As mentioned earlier, reasons given by participants in this study on why person living with HIV consent to participate in international HIV research imply aspects of vulnerability that are more psychosocial and socioeconomic than is traditionally recognized in regulations and declarations. Engagement in the consenting process for meeting the informed consent parameter in ethical research ends up being complex while taking on contextualized dimensions that go beyond mere identification. It therefore becomes imperative that we concur with the position of the Presidential Commission in highlighting the importance of approaching ethical standards in light of “modern human research ethics against the researchers’ understanding of medical ethics practices and practices of the day” , by appreciating socio-culturally induced moral ignorance, culturally available moral concerns and other moral or otherwise concerns that render the participant vulnerable. This concurs with Bhutta  proposal that researchers should move beyond informed consent to develop instruments that acknowledge and integrate culturally relevant informed consents and consenting processes that are not necessarily written.
A study by Appelbaum et al. on informed consent in psychiatric research suggests that there is therapeutic misconception among study participants demonstrated by poor understanding of the process of randomization and double blind techniques . But, given the reasons given by participants as to why they agree to participate in HIV research, we ask, is there therapeutic misconception in HIV clinical research in western Kenya?
The findings presented above suggest that study participants know that HIV is incurable. But they are clear that the condition can be managed so that a person lives comfortably with the virus. For this management, participants think that they get better care when they are enrolled in clinical research. All participants indicated that their health had improved significantly since they enrolled in their current research not only because of the medicine that they receive but also because they receive a lot of attention which is in it therapeutic. This is often not a misconception. As it emerges from the findings, some participants involved in HIV research would never access any health care or better health care if they were not involved in HIV research for various reasons. Researchers and reviewers concurred on this.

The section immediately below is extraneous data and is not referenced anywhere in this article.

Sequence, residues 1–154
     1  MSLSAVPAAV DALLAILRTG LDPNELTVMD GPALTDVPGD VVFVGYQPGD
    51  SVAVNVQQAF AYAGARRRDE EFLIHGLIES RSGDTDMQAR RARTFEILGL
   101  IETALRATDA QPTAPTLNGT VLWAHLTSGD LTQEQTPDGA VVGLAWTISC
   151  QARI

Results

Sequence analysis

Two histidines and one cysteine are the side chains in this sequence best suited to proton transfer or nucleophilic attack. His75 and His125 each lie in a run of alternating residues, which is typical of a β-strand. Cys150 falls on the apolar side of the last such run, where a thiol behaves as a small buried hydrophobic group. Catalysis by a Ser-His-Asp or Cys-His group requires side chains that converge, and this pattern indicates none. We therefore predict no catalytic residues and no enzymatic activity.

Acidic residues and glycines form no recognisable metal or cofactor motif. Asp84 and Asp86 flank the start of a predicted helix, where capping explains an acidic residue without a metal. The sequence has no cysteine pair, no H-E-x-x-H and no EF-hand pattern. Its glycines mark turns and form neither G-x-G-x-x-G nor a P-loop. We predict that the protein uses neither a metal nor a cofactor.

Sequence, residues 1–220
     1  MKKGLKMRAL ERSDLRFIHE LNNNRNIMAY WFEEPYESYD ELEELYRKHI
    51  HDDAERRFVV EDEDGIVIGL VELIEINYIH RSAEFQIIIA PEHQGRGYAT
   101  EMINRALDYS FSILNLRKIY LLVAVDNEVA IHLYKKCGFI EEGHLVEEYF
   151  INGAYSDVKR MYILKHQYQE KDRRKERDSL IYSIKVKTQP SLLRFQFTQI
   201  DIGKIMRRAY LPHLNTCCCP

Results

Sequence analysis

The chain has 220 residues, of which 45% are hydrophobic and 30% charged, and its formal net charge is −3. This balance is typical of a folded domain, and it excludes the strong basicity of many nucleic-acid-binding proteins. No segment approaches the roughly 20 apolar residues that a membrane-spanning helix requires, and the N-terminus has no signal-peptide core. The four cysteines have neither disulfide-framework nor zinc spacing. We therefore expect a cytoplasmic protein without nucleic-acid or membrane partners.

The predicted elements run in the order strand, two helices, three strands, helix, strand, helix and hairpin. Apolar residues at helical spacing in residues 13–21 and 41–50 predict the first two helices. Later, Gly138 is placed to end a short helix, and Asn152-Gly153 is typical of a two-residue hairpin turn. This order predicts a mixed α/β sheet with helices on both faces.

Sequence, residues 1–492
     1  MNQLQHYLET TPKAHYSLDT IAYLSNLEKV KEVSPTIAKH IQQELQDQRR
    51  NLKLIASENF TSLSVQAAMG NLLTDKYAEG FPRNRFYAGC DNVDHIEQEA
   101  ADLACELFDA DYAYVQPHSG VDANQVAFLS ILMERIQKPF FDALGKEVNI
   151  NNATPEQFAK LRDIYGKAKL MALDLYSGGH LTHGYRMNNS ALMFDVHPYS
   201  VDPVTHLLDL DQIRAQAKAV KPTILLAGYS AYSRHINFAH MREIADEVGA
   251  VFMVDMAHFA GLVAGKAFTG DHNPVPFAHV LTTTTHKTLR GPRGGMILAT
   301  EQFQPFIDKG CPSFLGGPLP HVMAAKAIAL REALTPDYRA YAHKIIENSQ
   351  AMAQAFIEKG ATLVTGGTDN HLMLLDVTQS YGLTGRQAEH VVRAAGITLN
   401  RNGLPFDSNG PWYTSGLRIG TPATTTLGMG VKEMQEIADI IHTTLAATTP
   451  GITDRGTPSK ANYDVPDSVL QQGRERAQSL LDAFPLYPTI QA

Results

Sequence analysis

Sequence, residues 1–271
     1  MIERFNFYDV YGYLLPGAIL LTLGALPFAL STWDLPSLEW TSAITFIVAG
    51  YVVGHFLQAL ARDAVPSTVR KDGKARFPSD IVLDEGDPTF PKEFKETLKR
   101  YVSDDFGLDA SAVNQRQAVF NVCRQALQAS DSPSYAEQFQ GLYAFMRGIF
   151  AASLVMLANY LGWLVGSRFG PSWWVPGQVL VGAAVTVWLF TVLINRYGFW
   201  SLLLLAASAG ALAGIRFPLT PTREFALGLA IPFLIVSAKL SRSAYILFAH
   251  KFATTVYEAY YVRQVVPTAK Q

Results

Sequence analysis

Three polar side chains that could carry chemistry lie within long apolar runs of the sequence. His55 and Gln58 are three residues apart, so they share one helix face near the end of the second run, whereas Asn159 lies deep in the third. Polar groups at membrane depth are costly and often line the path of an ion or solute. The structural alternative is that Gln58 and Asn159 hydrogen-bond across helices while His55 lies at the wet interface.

It would appear that many of the participants enrolled in HIV clinical research would not afford healthcare because of their low financial status. Note that as in nearly all research projects; participants in ongoing HIV research involved in this study are from low social class. For these, affordability of healthcare is not only in terms of paying for the services and buying drugs but also in terms of meeting the costs associated with this such as transport expenses and loss of opportunity to earn daily living.
Many participants live from hand to mouth and so time is spent in seeking healthcare translate into lost opportunity to earn food for the day. But when people are involved in research they can access healthcare because the researcher compensates them for transport.
The findings suggest that some participants would not access healthcare because of fear of HIV stigma. Some of the participants in this study indicated that they are happy to attend clinics far from home and avoid stigma. Others said they were happy to attend a clinic away from AMPATH. Other responses by the participants on why they engage in research suggest that they think that there is better treatment in the clinical research sites than in regular healthcare clinics. Indeed, medical researchers involved in this study indicated that the environment of clinical research sites is much better than that of healthcare clinics especially in terms of cleanliness, general attention to clients, and shorter queues. Moreover, health services at clinical research sites are much better than in health clinics in terms of availability of drugs and equipment, closer medical attention to clients, and better follow up. Clinical researchers interviewed confirmed that indeed, many participants would not access standard health care without some form of support provided by research projects such as transport and other compensations. Moreover, the confirmed that research clinics often have better facilities than healthcare clinics.